Authors: Michael Brown
Event: 2018 TheMHS Conference
Type of resource: Conference Presentations and Papers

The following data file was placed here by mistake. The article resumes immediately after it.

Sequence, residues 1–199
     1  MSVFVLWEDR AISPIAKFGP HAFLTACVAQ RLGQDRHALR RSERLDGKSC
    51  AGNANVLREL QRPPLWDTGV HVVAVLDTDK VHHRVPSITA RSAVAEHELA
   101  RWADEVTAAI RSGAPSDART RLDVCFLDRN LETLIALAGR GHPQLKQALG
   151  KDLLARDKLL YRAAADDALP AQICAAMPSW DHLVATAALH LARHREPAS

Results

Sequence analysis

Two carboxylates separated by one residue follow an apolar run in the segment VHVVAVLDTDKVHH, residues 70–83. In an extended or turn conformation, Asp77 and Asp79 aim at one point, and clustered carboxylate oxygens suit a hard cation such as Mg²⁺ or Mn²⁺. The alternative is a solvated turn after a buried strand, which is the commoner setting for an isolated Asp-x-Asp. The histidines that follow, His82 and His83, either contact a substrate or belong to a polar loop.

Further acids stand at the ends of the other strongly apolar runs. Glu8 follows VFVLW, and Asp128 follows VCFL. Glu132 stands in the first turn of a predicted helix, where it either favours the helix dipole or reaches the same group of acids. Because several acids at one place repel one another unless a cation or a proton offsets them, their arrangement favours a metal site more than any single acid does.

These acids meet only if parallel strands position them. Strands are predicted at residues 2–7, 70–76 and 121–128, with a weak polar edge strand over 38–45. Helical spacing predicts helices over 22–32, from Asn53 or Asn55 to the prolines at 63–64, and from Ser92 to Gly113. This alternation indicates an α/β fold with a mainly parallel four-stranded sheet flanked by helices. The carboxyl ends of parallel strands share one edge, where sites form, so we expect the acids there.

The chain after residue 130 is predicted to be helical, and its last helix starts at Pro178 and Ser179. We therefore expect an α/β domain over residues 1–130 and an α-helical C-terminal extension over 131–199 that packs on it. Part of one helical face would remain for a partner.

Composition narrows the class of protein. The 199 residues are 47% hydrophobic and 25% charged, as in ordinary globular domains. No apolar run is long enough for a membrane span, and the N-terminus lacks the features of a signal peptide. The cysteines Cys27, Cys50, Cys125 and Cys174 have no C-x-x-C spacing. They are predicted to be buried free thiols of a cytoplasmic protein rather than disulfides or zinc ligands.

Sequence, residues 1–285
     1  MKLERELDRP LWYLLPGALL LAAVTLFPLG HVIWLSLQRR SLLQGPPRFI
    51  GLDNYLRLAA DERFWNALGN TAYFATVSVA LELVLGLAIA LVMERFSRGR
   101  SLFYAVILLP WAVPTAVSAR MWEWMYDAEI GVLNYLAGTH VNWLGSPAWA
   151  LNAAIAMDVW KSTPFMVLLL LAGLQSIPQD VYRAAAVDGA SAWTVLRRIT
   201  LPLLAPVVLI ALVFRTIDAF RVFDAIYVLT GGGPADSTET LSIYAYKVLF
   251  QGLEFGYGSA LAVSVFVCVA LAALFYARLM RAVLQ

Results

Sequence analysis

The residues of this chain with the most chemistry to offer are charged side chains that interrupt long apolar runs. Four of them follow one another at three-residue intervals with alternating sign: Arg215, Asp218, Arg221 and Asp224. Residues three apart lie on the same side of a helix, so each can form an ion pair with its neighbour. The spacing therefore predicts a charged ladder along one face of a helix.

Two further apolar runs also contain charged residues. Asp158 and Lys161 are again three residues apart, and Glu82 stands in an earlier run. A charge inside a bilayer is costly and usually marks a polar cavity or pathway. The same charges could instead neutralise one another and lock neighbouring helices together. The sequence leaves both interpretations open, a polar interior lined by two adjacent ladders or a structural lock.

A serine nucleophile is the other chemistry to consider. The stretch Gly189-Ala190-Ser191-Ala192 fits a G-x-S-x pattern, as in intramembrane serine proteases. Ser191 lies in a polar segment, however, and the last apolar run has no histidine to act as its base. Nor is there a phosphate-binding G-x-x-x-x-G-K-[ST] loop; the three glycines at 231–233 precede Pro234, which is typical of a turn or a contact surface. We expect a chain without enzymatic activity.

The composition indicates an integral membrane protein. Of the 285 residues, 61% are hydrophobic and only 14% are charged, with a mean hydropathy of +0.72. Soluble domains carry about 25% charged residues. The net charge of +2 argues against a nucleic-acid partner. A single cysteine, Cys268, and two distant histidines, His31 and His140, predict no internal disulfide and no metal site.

Abstract: Not Just Doing the Wrong Thing Righter: New Ways of Approaching the Relationship between Police Services and Mental Health Systems Policing has always had a role in mental health: there has been a social service element to our work; the public look to us to manage odd or unusual behaviours, regardless of criminal law; and those with mental health problems are more likely to be victims or suspects of crime. As countries deinstitutionalised much of their mental health provision, demand has risen for improvement in the type and quality of police response to vulnerable people: this often follows high-profile events such as death in police custody or contact; and restraint-related deaths or fatal shootings. I will argue there is a disconnect inherent in our response which has been too operational and focussed on tactics; lacking in a strategic objective. Major inquiries have focussed upon the need to improve officers’ responses through training and partnerships with mental health services but this doesn’t address why we have come to rely upon expensive police and criminal justice responses, often at the cost of effective mental health systems. Improved policing alone will not deliver the outcome we all want – which is health and policing systems working in partnership for the benefit of their communities.